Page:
The Institute of Education Sciences (IES) within the US Department of Education periodically issues free practices guides for teachers. They convene a panel, review the research, and formulate general recommendations based on the evidence. What I like about these practice guides is that they are concise, accessible, and practical. The goal is not to get into the weeds of individual studies, but to extract general principles and practices. They include specific examples of how teachers might implement the practice, discuss potential obstacles, and provide advice.
The IES recently issued a new practice guide titled “Providing Reading Interventions for Students in Grades 4-9”.
Three of the four recommendations relate to building reading fluency and comprehension. One of the recommendations relates to decoding accuracy:
“Build students’ decoding skills so they can read complex multisyllabic words.”
Those of us who work with older students know that, even if they have the skills and code knowledge necessary to read single syllables, many lack an effective strategy for reading long words. When they encounter an unfamiliar long word, they may omit or substitute endings or fall back on guessing or skipping. These habits negatively impact their vocabulary development and learning of content knowledge.
I’d like to highlight a few points that the panel emphasizes in this recommendation.
While there are many different strategies or routines that can be used to break down and decode multisyllabic words, the panel recommends choosing one routine. “Rather than teaching a wide array of rules, choose a routine that provides simple steps for breaking words into parts and blending those parts together to sound out the word.”
The idea of providing multiple strategies or tools can be appealing, and some programs offer a set of complicated rules that vary depending on the structure of the word. But there are a lot of mental balls to juggle as we read. Students can’t afford to stop and allocate time and energy to picking the right tool for that particular word or to using cumbersome systems to mark up and divide words. The routine could be as simple as just identifying chunks that contain a vowel sound and then blending those chunks to listen for the word.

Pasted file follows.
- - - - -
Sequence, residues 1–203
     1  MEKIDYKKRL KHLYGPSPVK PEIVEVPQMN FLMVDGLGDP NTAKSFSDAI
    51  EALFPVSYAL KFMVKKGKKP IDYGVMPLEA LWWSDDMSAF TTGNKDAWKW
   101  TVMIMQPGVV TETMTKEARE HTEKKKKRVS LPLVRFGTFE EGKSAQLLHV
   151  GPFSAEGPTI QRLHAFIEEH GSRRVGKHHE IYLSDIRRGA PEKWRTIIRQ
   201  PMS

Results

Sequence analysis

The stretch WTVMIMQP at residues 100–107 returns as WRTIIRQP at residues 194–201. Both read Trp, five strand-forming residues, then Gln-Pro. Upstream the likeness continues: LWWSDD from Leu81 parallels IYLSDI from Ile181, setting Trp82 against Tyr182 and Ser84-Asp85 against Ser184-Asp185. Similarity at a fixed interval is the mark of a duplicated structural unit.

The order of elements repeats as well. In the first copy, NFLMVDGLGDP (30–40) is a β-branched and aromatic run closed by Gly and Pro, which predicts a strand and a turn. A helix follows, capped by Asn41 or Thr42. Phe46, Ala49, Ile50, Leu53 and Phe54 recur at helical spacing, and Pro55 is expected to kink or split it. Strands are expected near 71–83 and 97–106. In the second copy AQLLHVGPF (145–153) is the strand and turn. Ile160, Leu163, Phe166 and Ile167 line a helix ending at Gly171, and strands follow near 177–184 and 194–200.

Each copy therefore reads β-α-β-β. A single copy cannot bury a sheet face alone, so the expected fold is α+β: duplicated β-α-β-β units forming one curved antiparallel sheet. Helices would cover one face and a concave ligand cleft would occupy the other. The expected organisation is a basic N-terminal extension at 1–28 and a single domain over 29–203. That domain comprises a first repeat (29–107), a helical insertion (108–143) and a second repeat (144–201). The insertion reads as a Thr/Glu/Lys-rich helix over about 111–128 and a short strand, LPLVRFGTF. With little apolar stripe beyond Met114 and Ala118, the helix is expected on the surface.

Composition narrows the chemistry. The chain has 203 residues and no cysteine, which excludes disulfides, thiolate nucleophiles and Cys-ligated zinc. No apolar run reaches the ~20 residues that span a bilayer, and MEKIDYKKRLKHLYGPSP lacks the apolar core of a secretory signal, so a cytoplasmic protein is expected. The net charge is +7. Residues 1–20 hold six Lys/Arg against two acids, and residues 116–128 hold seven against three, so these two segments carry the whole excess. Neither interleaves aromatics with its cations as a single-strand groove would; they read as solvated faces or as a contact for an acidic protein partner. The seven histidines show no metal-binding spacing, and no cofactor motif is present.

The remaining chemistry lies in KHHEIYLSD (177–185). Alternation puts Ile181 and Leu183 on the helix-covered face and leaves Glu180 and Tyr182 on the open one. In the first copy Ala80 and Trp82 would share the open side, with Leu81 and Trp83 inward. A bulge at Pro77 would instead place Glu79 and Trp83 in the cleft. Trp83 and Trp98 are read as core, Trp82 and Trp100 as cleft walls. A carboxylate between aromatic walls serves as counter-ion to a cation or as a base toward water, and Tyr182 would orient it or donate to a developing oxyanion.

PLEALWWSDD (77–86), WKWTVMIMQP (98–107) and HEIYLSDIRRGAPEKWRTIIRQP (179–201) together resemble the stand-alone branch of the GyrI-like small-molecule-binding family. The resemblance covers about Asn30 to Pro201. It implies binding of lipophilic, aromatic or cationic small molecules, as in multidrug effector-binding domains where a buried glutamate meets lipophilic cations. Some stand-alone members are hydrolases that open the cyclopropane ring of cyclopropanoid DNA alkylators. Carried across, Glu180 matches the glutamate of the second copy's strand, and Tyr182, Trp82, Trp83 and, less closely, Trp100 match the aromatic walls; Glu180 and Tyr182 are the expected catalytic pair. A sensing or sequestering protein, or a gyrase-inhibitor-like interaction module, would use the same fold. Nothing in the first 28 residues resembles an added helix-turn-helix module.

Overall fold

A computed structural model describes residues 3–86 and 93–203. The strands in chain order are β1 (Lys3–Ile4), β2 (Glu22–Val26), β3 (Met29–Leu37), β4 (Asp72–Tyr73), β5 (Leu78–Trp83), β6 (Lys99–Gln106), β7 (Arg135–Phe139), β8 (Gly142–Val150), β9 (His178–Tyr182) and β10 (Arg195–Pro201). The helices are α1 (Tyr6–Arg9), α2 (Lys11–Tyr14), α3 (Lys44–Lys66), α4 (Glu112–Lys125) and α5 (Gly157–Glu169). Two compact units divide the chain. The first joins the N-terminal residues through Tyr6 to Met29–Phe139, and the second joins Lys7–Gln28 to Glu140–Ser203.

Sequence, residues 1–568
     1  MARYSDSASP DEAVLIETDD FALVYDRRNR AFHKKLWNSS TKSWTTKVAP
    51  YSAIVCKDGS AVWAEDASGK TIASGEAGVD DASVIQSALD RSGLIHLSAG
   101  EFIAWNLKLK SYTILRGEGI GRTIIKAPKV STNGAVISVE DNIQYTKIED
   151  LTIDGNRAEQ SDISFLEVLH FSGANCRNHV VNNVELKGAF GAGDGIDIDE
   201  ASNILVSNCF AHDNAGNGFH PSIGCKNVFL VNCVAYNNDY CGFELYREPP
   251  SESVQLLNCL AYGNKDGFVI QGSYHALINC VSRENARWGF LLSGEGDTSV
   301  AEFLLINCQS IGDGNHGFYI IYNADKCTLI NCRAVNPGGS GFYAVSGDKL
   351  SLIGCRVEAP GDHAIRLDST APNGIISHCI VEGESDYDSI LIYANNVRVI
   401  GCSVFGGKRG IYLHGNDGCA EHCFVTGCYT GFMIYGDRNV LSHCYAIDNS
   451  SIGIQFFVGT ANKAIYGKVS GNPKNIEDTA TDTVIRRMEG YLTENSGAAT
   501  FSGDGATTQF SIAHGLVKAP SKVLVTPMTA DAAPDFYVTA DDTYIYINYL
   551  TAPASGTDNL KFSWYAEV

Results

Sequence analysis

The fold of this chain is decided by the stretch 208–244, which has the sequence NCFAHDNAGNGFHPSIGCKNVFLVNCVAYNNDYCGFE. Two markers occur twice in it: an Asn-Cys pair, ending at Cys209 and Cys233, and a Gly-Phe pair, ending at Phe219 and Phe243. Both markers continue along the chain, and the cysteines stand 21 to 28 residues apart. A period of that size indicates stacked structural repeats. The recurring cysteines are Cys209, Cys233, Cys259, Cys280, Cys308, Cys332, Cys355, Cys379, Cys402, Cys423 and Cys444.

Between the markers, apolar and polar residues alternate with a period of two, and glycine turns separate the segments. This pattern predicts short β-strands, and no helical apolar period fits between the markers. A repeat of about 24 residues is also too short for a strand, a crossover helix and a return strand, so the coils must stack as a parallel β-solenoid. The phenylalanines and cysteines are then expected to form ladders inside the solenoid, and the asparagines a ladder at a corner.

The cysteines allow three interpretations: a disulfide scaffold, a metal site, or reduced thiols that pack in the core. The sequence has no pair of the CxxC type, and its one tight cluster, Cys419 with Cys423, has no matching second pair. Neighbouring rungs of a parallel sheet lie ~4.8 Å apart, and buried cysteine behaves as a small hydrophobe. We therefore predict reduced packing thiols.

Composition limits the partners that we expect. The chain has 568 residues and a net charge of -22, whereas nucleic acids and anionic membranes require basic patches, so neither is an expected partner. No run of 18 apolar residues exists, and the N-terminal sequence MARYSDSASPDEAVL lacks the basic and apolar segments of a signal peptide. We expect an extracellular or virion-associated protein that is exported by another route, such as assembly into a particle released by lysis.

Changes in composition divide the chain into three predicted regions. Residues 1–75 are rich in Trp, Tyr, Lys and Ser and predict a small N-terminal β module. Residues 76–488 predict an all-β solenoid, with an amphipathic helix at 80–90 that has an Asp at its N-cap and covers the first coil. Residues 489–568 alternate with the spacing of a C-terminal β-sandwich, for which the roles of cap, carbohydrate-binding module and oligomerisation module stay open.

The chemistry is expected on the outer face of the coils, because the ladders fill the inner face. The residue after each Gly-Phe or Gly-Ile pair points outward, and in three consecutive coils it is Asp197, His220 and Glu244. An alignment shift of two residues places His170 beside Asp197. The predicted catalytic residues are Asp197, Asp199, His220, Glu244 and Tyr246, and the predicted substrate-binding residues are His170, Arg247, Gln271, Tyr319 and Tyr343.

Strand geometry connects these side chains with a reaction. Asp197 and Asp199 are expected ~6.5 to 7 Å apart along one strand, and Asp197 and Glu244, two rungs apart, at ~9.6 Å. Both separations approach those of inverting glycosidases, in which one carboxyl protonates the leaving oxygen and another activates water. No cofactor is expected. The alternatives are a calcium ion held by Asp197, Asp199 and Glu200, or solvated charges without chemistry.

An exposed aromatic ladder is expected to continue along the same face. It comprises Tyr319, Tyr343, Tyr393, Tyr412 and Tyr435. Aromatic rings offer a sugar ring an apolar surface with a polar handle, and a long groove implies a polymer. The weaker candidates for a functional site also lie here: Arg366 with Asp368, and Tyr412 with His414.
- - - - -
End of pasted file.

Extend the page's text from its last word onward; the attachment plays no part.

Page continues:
English spelling is complex and not rules-based. If you teach a rule, you need to teach several exceptions or just hope that the student figures it out themselves. But as we know, they often can’t and don’t, and then they lose confidence, resorting to the guessing and skipping behaviors
that are so common. The panel emphasize that the routine should be flexible. Noticing the prefix “un” in the word “unreasonable” can be helpful, but what about “uniform”? And we need to make adjustments for the indistinct “schwa” sound in unstressed syllables. Explicitly teaching flexibility and trying different sounds is therefore key. Building in this flexibility from the start will make it more likely students will apply their strategy to words in connected texts.
The panel advises immediate application to connected text. They advise teachers to “provide frequent feedback and support to help students persevere. As students apply the routine, consistently provide feedback that affirms what they did well and explain how the students can improve their use of the routine.”
It can be quite a big leap from applying a strategy to words in isolation to applying it while reading a passage or book. As our students work though these words in connected text, affirmative and corrective feedback is a powerful tool to replace the feeling of intimidation with one of confidence.
The panel also recommends that teachers “embed spelling instruction in the lesson”. I often ask my students to write a word syllable by syllable while saying each syllable with an exaggerated clear pronunciation. We discuss the spelling of any prefixes or suffixes and the spelling choices for particular sounds. Working on spelling alongside reading these long words is another powerful practice that helps form tight connections between speech and print.
Other helpful recommendations are to always connect the word to its meaning and to make sure to include vocabulary from core subject area content.
Phonic Books have also published a blog specifically on the topic of teaching multisyllabic words which you can read here.
#teachphonics #teachreading #readingintervention #readingtutor #strugglingreaders #teachspelling #howtoteachreading #syllabletypes
This is a guest blog by Miriam Fein. Miriam is a speech-language pathologist and licensed reading specialist. She lives near Boston, Massachusetts, and supports students from early elementary through high school with reading, spelling, writing, and language skills. She believes in the power of evidence-informed, systematic, and compassionate teaching for all learners.